Decolonized Listening in the Archive: A Study of How a Reconstruction of Archival Processes and Spaces can Contribute to Decolonizing Narratives and Listening
In 2019, Stó:lō writer and scholar Dylan Robinson, and Tlingit curator and artist Candice Hopkins,
created Soundings: An Exhibition in Five Parts, asking Indigenous artists and musicians to reflect on
how a score can be a tool for decolonization. In response, Indigenous artists contributed scores in
the form of beadwork, graphic notation, and more, effectively challenging traditional notions of
western colonial music-making and performance practices. Drawing upon the exhibit Soundings, as
well as Robinson’s book Hungry Listening: Resonant Theory for Indigenous Sound Studies (2020),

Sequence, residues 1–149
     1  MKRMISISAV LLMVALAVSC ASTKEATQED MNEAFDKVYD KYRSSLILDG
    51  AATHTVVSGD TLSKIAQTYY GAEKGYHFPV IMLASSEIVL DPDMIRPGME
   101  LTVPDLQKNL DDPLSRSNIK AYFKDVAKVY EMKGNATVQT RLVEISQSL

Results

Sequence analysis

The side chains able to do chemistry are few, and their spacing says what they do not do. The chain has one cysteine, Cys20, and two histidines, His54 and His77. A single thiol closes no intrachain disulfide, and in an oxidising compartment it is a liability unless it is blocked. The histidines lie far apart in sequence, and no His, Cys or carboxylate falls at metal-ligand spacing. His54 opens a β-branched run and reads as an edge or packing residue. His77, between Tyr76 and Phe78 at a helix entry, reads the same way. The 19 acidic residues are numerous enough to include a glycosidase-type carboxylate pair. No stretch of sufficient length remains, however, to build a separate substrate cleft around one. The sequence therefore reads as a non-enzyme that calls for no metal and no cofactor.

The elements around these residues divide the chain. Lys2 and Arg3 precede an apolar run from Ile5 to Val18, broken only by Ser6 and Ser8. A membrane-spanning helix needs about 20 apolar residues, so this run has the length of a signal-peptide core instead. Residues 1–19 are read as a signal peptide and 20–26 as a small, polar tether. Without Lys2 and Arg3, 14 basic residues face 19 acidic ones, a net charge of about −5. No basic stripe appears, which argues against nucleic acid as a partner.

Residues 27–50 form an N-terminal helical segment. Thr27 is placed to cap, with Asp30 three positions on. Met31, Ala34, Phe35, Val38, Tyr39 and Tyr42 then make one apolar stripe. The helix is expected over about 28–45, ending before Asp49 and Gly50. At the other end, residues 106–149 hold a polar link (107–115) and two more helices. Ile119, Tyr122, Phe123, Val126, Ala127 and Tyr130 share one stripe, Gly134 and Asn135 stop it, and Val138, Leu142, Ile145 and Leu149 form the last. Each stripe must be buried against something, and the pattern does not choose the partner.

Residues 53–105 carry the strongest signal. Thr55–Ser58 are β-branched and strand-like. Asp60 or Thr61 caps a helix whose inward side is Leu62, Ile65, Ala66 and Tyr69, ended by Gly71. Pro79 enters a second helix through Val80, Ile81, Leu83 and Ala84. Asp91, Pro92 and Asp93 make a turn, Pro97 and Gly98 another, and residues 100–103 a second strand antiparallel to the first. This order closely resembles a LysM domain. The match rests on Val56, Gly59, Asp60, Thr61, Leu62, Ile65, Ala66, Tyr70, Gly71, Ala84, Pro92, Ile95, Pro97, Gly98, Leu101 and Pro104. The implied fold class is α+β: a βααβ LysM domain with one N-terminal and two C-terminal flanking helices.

this paper seeks to understand how to decolonize archives in ways that impact the description,
preservation, and settler experience of music created by Indigenous artists. Robinson argues that by
increasing our awareness of and acknowledging our settler colonial listening habits, listeners can
engage in decolonial listening practices that can deepen our understanding of how Indigenous song
functions in history, medicine, and law. By centreing Indigenous Traditional Knowledge and
stewardship in archival settings, Indigenous musical records can be described and preserved
according to Indigenous frameworks. I propose the use of content management systems such as
Mukurtu and Local Contexts, as well as reparative archival description, to centre Indigenous
frameworks and Traditional Knowledge in the archive. This paper also presents three case studies to
demonstrate both the problematic aspects of current mainstream archival practices, as well as how
Mukurtu, Local Contexts, and reparative archival description can work to centre Indigenous
Traditional Knowledge and stewardship.
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